Canada’s military advised to go woke

By Mark Milke, May 28, 2022, National Review

After Russia’s unprovoked invasion of Ukraine in February and its war on the same ever since, you would think that Western policy-makers would grasp how critical it is to ensure that our militaries are well-funded, well-equipped, and ready to defend our allies in NATO — just in case.

The United States, the United Kingdom, and other selected allies including the Baltic republics and Poland have grasped this; even neutral Finland and pacifist Sweden want to now join NATO in response to Russian aggression. Meanwhile in Canada? The military is being told to go “woke.”

A Canadian military report released a few weeks ago alleges that Canada’s military is shot through with “systemic” racism. It’s a typical claim from the woke Left that sees racism everywhere and gives it as a monocausal explanation for nearly every ill and observed disparity. This new report follows that path. It’s obvious in the title and subtitle, which is an accusation in addition to being verbose: “Minister of National Defence Advisory Panel on Systemic Racism and Discrimination, Final Report: With a focus on Anti-Indigenous and Anti-Black Racism, LGBTQ2+ Prejudice, Gender Bias, and White Supremacy.”

The military-adviser authors of the report think that the most serious crisis facing Canada’s modern military is “systemic racism and discrimination, including anti-Indigenous and anti-Black racism, gender bias, prejudice against lesbian, gay, bisexual, transgender, queer, two-spirited people and others (LGBTQ2+), and white supremacy.” Elsewhere, the commission warned of “antisemitism, Islamophobia, and discrimination against people with disabilities.”

The report highlights these issues as the critical ones to be addressed, rather than, say, the chronic underfunding of Canada’s military since the 1960s, fighter jets that are three decades old, low morale, or the Canadian military’s inability to adequately handle domestic crises never mind square off in Europe against Vladimir Putin’s shock troops.

Though the four authors of the report are military veterans, they routinely insinuate that men and women in the military are one hate-thought away from donning a KKK hood.

Faulty Logic: Unequal Outcomes Equal Racism

Here’s one example of a drive-by smear and alleged proof of deep racism in Canada’s military: “The failure of the Defence Team to be representative of Canadian demographics is rooted in the system that was created by European settlers.” As proof, the report notes that minorities and women are “vastly underrepresented” in both the Canadian Armed Forces and in the bureaucracy in the Department of National Defence.

That is the typical claim offered up by those bad at statistical analysis: that when some cohort — such as the military — does not perfectly represent today’s statistical diversity in the general population, racism must be the reason, which is the view of the report’s authors. For them, à la Ibram X. Kendi, racism explains all.

The short response to this is an example offered long ago by Thomas Sowell. Historically, Italian expatriates dominated fishing fleets around the world relative to, say, the Swiss. The reason is simple: Italy is surrounded by water, and Switzerland is landlocked. Few Swiss would have been involved in fishing, so it’s natural that the Italians would have dominated in the fishing industry worldwide.

As with any snapshot of two cohorts in time, one micro and the general population, there may be a thousand other reasons the two do not match up exactly: geography, education, cultural and religious beliefs (Quakers are also underrepresented in the military because they’re pacifists), the role of parents, and other opportunities.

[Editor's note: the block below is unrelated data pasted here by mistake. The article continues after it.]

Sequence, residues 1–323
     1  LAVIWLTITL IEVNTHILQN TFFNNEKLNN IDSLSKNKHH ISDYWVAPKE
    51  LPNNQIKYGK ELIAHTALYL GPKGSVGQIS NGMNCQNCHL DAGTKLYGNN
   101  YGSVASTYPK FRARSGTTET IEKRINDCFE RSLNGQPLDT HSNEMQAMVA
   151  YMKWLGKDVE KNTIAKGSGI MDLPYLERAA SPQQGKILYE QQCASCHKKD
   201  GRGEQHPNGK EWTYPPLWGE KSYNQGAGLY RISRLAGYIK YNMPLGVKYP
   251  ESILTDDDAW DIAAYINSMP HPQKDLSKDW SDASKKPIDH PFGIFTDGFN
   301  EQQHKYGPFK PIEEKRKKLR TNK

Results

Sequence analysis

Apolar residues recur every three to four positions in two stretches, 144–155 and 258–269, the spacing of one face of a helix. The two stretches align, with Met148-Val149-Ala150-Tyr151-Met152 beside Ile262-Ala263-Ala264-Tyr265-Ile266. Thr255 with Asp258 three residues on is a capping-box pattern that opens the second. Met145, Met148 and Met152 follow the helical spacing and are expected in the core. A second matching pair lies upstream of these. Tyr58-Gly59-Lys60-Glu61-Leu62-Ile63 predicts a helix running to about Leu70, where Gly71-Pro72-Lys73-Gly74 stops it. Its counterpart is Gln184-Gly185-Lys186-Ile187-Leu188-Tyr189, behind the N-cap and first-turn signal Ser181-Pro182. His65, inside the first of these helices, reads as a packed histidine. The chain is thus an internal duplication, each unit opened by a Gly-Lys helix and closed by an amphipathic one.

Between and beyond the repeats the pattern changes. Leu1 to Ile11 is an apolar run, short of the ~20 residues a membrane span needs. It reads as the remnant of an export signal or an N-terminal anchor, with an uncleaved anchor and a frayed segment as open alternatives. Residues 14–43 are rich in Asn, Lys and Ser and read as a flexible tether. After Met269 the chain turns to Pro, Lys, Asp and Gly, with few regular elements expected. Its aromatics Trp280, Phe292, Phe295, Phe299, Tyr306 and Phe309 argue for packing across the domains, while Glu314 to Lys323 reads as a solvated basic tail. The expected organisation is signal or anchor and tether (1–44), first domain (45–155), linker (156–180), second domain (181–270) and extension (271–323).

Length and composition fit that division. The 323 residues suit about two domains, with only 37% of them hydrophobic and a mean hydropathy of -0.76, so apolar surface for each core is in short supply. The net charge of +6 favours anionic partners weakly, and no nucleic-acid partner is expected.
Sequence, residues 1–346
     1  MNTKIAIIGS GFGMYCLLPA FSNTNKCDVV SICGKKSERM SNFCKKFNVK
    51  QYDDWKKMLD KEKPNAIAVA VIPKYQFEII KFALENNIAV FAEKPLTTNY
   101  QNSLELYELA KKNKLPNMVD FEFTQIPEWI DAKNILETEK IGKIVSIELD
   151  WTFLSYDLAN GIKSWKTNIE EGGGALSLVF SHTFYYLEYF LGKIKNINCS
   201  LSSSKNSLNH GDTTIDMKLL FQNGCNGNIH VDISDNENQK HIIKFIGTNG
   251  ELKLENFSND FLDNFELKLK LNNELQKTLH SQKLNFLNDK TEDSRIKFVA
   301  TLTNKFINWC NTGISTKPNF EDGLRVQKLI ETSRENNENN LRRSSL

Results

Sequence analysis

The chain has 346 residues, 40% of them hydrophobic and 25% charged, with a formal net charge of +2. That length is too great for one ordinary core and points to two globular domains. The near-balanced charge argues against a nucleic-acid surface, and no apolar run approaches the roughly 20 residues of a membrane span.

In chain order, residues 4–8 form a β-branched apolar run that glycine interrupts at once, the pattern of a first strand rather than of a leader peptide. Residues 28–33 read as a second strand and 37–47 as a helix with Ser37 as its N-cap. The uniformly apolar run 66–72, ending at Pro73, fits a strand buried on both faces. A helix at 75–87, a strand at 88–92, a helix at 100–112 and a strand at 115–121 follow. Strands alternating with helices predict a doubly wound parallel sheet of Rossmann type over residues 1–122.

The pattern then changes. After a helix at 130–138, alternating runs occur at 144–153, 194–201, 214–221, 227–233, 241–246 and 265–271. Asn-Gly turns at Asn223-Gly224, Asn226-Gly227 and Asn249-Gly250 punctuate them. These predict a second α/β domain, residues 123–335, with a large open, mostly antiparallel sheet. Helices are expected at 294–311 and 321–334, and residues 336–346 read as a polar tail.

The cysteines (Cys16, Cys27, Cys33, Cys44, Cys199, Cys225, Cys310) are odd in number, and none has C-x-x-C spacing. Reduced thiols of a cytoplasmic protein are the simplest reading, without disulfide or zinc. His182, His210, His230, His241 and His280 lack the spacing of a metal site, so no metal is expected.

Then there is the question of time served: Of course, upper echelons of the military would be “whiter” because it takes decades to reach the high ranks. Until recently, Canada was mostly pale-faced, and if a mostly white population in the 1980s enrolled in the army, you’d expect today’s top brass to reflect 1980s and 1990s demographics, not the 2022 palette.

Incredibly, the report makes the claim of stark racism today despite acknowledging that 12,000 indigenous Canadians served in the First World War — and this in an era that was indeed systemically racist. (Indigenous Canadians were denied the right to vote until 1960.) What the service of those 12,000 reveals is that there was great interest by indigenous Canadians and great acceptance of the same in Canada’s military despite the prejudices common in that era.

The Canadian Military Report: Religion Is Trauma

The report not only accuses men and women in military uniforms and those who hired them of being bigots; it adds the accusation that those of a monotheistic bent belong to a genocidal faith.

Race issues aside, the report made waves in Canada because its woke retired military advisers ignored a key constitutional right in Canada: freedom of religion, including in the military. That right seems to annoy the report’s authors, who were clearly anti-Christian but also more generally anti-monotheism.

In a section of the report titled “Re-Defining Chaplaincy,” they give a nod to the notion that religion can be a source of solace for many — and then it’s off to a grand slur. “For some other Canadians,” the commission informs us, “religion can be a source of suffering and generational trauma,” noting that this is “especially true for many lesbian, gay, bisexual, transgender, queer and two-spirited members of Canadian society.”

Few would argue that gay Canadians have never encountered prejudice; homosexuality was outlawed in Canada until 1968. But it’s a gross exaggeration to suggest that the modern-day Catholics, Protestants, and Jews in the military are a source of trauma to a soldier who happens to be gay. Most soldiers — they are trained to kill, remember — are not so fragile. Instead, we’re supposed to believe that the Canadian military is what — akin to the tiny Westboro Baptist Church, with its relentless, wacky anti-gay postures?